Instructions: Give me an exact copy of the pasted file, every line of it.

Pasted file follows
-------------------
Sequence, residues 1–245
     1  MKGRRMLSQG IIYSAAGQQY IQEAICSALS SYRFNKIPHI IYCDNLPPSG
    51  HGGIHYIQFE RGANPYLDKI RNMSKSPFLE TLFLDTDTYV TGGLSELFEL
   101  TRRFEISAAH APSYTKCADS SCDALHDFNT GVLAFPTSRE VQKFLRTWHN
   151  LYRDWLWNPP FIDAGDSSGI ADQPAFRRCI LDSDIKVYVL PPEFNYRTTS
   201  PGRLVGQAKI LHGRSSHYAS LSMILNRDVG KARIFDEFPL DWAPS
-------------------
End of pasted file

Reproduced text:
Sequence, residues 1–245
     1  MKGRRMLSQG IIYSAAGQQY IQEAICSALS SYRFNKIPHI IYCDNLPPSG
    51  HGGIHYIQFE RGANPYLDKI RNMSKSPFLE TLFLDTDTYV TGGLSELFEL
   101  TRRFEISAAH APSYTKCADS SCDALHDFNT GVLAFPTSRE VQKFLRTWHN
   151  LYRDWLWNPP FIDAGDSSGI ADQPAFRRCI LDSDIKVYVL PPEFNYRTTS
   201  PGRLVGQAKI LHGRSSHYAS LSMILNRDVG KARIFDEFPL DWAPS